For choristers (like, ahem, me), the run-up to Easter is much more about singing than it is about reading. Good luck to you if you sing regularly and can get hold of a spare hour or so between Palm Sunday and Easter morning to chew up a novel (although the glorious Glinda, for one, has managed to go on tour, read a novel, and write a review of it for us at Quadrapheme, because she’s amazing.) This year is the first year for…a really long time…that I haven’t had a regular singing engagement somewhere. I hate it and will be finding somewhere new to sing should my proposed springtime move to London occur (fingers crossed). However, as a result, Holy Week has been all about them books.
The first half of the week was given over to Mark Doty’s new collection Deep Lane, which I’ll also be reviewing for Quadrapheme. I can’t give too much away here and now because, well, then you won’t read the proper review. Contemporary poetry is always difficult for me to start analyzing. I’m not quite sure why this is; possibly because the way I was taught to engage with poetry was formally, looking at its features and techniques. Much of contemporary poetry doesn’t yield to formal technique, or if it acknowledges it at all, it does so with an ironic smirk and twist. Doty’s work is wary of formal technique, but he has that ability to keep it all pinned together which I appreciate; he doesn’t do it through meter, but the lengths of his lines keep pace with each other, and his imagery is so direct, his voice so intimate and confiding.
Damn, there I go, writing the review! Anyway. On to book number two of this week: Earthly Powers by Anthony Burgess, proof that a) when traveling I should always be made to keep a paperback in my shoulder bag, because b) if I don’t have one close to hand, I will go into a bookshop and buy one just for the purpose, never mind if I have two books in my suitcase already, because that suitcase will be on the luggage rack of the train for the duration of the journey and what will I read in the meantime, eh?? Answer: Earthly Powers. (At least I only bought one. In the past, as regular readers will know, travel paranoia has induced me to buy three at a time.)
Earthly Powers is a great book to be reading during Holy Week because it is all about religion, although it’s also not. As a teenager, I used to make a game out of seeing how much I could compress the themes and plot of a book whenever anyone asked me “What’s it about?” Were I to play the game with Earthly Powers, I would have to reply, “A gay Catholic novelist and the Pope.” (If I really wanted to compress and confuse, “gay Catholic novelists” would have to do. Maybe just “gay novelists”, or even “novelists”–our narrator, Kenneth Toomey, drops many a name, including Oscar Wilde, James Joyce, “Willie” Maugham, and Norman Douglas, to whom one character rather delightfully refers as Abnorman Fuckless.)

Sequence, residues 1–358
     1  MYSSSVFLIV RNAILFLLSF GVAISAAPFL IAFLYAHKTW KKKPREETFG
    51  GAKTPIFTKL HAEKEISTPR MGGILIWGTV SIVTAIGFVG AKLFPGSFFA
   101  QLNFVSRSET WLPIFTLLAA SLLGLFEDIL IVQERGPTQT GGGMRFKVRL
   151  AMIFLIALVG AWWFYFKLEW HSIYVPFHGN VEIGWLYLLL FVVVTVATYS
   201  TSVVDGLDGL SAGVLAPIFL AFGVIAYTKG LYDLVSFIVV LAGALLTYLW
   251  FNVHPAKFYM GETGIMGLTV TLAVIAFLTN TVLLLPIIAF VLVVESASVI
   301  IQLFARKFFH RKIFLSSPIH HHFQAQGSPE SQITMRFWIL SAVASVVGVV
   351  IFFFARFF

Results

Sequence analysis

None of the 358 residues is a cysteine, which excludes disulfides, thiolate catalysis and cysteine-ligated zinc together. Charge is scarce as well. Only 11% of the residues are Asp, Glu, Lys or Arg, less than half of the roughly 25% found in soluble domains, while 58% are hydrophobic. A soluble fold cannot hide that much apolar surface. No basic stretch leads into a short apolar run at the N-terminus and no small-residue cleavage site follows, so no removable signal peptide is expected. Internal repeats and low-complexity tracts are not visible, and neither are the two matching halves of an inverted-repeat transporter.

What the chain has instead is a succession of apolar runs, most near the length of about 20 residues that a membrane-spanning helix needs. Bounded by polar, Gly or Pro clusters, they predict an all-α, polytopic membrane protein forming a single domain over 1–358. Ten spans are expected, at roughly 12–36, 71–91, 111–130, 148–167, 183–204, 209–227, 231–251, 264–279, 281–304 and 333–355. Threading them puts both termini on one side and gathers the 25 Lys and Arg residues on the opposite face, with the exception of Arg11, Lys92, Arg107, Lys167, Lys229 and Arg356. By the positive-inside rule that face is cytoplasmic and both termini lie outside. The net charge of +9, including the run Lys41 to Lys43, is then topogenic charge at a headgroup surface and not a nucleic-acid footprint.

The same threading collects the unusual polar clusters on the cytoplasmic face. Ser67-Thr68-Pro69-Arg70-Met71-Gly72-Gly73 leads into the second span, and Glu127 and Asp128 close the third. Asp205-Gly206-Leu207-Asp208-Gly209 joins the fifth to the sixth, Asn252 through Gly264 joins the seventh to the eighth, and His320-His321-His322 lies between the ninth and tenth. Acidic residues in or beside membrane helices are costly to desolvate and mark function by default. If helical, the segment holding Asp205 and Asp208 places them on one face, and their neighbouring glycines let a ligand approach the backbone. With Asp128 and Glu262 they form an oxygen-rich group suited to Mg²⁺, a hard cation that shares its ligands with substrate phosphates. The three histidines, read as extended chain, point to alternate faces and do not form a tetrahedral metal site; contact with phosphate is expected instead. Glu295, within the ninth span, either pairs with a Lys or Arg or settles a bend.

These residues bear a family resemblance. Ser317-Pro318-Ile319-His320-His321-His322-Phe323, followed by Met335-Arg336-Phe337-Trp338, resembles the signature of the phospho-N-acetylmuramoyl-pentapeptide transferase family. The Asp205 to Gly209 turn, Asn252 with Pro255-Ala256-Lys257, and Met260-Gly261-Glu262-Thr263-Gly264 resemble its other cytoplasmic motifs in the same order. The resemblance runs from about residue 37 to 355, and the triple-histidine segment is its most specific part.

That little pun–Abnorman Fuckless–is a good barometer for Burgess’s linguistic pyrotechnics. I know that’s an overused phrase, “linguistic pyrotechnics”, but the things he does, the wordplay, the vicious, perfect wit, reminds me of Catherine wheels going off one after the other. It’s so fucking funny; not laugh-aloud funny, but definitely snort-into-your-soup funny. There’s a delicate bitchiness to the diction that reminds me, at times, of Blackadder:
“As I foresaw, I am to assist in the canonization of the late Pope.”
“Oh God, oh my God, oh my dear God, you? Oh, Christ help us.”
“Don’t be silly, Geoffrey. You forget certain facts of my biography, if you ever, which I am inclined to doubt, knew them.”
And the one-off observations are peerless, as when Toomey, watching the Archbishop of Malta attempting to equivocate, says that he “played an invisible concertina for two seconds.” The precision of “two seconds”, the absurd picture of “an invisible concertina” and yet the absolute accuracy of how it looks when someone flutters their fingers back and forth, looking for a word… It’s very good writing.
At present, I am with Toomey in Malaya (now Malaysia, then still a British dependency), watching the effects of an exorcism performed by the aforementioned “late Pope”, who happens to be Toomey’s brother-in-law, back when he was merely Don Carlo Campanati.
It’s an incredibly weird book, but I’m enjoying it.
Also, it’s on my Classics Challenge list! So perhaps a fuller review once I’ve finished it. I’d like to finish it by tomorrow; goodness knows if that will happen. I’m off for a cup of tea and a good natter with the great-granddaughter of the Duchess of Warwick now, my dears. (This is actually true, although not as pretentious as it sounds. I’m staying with the Revered Ancestors for Easter and they live in one of those villages where everyone is either a great-granddaughter of a duchess or a retired brigadier colonel.) Toomey and Geoffrey would no doubt approve.